The moving finger and all that
At this very moment, if you’re reading this column just after it was published, Muffin and Squeaker are at their first ever visit to a circus. They’re seeing the Big Apple Circus on City Hall Plaza, Boston, for the last Friday performance before it picks up and goes somewhere else.
And neither Nomi nor I will be there to see them enjoy it.
Instead, their babysitter is taking them to the circus, at our urging. When we saw that there would be a circus in town, we thought this would be a great idea. The girls are now at a good age to go to a circus: old enough to enjoy and remember it, and young enough to not dismiss it as “lame” or something only little kids go to. And we’re pretty sure they’ll enjoy it, as they’ve seen some juggling and acrobatics over the years, including The Red Trouser Show last Independence Day at Faneuil Hall and The Airborne Comedians at the Coolidge Corner Theatre.
But it did open up a question for me. I remember going to the Ringling Bros. and Barnum & Bailey Circus with my family when I was a kid. As far as I can recall, we only went once, and I seem to remember trying not to laugh at the clowns because I knew they were trying to make me laugh. But more to the point was the fact that it my parents did get to take my brothers and me to our first circus, as opposed to sending us with someone else. Should I regret the fact that I will be missing my kids’ first trip to the circus?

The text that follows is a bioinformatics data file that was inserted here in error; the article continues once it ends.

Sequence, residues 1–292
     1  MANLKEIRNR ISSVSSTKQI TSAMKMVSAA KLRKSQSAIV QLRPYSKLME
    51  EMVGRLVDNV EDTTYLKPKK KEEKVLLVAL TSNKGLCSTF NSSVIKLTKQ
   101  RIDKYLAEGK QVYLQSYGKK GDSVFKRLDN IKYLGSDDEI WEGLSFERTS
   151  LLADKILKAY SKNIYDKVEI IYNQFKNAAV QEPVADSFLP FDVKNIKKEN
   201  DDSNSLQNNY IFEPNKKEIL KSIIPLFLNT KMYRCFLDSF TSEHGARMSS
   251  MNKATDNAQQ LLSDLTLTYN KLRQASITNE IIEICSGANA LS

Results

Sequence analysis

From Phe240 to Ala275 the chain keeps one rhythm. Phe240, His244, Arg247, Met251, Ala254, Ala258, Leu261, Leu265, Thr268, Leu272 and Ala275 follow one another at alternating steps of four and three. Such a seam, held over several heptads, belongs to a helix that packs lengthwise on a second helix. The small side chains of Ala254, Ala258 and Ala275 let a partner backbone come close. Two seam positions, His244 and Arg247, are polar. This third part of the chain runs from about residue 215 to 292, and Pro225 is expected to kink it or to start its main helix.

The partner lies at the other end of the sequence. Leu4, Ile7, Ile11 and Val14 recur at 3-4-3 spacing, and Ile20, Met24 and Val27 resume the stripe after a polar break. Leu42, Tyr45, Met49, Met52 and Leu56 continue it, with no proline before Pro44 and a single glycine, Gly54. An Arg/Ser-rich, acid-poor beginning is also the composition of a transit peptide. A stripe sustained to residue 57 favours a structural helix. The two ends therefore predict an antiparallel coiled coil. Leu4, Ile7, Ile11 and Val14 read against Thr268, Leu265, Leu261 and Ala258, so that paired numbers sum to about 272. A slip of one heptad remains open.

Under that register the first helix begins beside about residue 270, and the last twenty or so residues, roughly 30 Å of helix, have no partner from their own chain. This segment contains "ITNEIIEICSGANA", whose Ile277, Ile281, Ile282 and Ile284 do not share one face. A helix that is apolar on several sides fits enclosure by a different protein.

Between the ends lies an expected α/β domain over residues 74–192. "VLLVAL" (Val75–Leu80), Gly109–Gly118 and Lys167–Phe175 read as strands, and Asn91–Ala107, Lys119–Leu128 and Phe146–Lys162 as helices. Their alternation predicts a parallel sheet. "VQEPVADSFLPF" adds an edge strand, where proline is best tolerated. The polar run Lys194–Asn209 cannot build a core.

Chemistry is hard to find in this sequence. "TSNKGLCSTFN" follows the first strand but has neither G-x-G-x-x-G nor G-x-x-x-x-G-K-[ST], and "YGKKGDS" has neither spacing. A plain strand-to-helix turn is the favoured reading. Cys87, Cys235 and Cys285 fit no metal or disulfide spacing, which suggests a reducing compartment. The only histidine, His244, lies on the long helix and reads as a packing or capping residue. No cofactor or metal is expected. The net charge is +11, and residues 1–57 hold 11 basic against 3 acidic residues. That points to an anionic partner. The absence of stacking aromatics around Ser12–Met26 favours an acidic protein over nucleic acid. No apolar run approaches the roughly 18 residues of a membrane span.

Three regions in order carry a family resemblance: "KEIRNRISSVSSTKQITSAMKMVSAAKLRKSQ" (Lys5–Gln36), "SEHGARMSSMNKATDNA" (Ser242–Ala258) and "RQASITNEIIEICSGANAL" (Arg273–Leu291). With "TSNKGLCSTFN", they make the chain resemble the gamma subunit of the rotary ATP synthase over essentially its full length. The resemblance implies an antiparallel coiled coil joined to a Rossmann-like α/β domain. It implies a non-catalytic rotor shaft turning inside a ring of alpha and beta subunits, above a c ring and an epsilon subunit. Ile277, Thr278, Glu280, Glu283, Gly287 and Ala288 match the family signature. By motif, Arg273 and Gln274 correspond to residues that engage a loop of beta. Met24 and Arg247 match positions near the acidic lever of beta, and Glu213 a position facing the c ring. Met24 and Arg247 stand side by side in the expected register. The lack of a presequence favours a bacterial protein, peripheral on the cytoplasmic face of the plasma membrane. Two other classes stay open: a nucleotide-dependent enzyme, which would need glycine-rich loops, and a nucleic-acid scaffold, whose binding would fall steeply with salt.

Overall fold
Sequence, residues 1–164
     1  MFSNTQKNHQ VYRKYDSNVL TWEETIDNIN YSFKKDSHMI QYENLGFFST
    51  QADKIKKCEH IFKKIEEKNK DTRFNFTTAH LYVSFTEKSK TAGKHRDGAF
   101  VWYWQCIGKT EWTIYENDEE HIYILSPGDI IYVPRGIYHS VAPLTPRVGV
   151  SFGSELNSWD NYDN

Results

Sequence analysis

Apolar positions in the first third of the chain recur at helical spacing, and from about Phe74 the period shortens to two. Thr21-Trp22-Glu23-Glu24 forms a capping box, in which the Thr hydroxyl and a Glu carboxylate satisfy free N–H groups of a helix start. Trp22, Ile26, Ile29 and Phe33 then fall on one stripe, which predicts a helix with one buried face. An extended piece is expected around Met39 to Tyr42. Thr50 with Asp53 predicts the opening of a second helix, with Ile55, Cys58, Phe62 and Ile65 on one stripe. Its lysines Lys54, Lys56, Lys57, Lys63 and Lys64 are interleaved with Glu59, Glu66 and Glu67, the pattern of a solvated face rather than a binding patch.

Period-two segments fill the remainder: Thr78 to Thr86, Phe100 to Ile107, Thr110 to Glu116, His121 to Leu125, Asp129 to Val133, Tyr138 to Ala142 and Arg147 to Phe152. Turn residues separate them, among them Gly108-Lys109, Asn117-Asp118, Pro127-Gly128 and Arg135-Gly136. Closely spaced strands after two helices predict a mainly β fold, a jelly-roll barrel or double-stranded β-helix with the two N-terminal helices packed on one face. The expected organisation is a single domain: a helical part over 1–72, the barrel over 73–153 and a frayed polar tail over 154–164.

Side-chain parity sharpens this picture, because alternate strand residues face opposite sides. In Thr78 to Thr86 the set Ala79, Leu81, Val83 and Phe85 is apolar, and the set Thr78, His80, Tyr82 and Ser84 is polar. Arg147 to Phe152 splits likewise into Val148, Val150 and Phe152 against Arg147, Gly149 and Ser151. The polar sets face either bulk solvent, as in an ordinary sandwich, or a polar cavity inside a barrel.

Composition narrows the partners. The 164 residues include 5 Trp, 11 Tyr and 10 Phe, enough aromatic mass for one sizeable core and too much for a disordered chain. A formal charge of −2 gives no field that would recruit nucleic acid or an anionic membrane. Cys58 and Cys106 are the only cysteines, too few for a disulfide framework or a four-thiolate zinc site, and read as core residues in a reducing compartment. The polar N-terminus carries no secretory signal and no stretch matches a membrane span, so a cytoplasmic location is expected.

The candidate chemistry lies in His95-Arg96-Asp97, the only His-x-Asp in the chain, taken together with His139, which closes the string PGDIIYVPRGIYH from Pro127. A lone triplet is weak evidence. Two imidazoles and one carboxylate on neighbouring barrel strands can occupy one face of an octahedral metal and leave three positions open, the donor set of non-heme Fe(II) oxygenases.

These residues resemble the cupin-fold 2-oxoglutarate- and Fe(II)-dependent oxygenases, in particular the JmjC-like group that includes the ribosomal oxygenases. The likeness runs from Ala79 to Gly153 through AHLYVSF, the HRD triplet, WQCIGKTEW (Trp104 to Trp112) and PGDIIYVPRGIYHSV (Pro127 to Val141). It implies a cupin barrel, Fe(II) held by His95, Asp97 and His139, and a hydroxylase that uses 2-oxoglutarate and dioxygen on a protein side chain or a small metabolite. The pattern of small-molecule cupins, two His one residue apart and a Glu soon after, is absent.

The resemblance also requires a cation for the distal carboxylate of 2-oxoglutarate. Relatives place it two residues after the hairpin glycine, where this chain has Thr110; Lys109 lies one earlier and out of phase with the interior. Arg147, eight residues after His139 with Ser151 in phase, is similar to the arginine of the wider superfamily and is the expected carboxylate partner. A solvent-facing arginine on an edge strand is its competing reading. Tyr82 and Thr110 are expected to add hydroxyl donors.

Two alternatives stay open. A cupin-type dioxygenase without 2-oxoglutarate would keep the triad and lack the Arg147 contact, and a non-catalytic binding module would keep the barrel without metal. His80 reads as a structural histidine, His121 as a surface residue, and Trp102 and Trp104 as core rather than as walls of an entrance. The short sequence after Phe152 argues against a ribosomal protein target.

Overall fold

There’s the practical part of my mind, which notes that taking the kids to the circus could be a bit of a balagan (a Hebrew word meaning chaos or fiasco). In many ways, it’s a lot easier for Nomi and me to let someone else deal with the logistics of taking the girls there, finding seats, and hoping that they don’t get scared or declare that the circus is “boring,” which is one of Muffin’s new favorite dismissal words.
But on the other hand, that’s not really the issue here.
A few years ago, their babysitter took them to the Franklin Park Zoo. It was their first trip to a zoo, and they’ve been back a few times since. I had similar thoughts back then. I felt wistful briefly that I wasn’t going to be there, but then let it go. Although I haven’t been to a zoo in years, it’s not on the top of my list of things to do. But I wanted the girls to see in real life many of the animals they have learned about and come to love.
On the one hand, I suppose I could regret missing these trips with the girls. But on the other hand, it’s not like I haven’t had the chance to experience many of their other “firsts” already. and even if I miss a first, it doesn’t mean we can’t go with the kids a later time. I missed their first trip to the Boston Children’s Museum, but I’ve taken them there countless times since and watched them have fun each time. In truth, by now I’d probably have forgotten the details of their first visit had I been there with them.
When it comes right down to it, I’d rather give them the chance to experience as much joy as possible, whether or not I can be there with them. So, as always, I will treasure the firsts I do get to share with them, and do my best not to regret the ones I miss.
This week’s column is written by Michael A. Burstein.
About this column: The adventures of two Brookline parents and their twin daughters, Muffin and Squeaker. Copyright 2014 by Michael and Nomi Burstein.
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